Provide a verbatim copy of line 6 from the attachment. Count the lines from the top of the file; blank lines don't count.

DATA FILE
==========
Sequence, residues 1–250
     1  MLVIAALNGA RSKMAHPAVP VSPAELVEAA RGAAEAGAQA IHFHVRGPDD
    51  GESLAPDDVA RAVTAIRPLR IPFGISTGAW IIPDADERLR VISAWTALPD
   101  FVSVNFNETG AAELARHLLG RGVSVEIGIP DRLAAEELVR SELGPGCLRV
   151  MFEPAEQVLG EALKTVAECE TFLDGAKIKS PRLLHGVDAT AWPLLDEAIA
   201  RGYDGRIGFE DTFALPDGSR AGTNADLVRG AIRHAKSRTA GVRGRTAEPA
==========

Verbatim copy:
   201  RGYDGRIGFE DTFALPDGSR AGTNADLVRG AIRHAKSRTA GVRGRTAEPA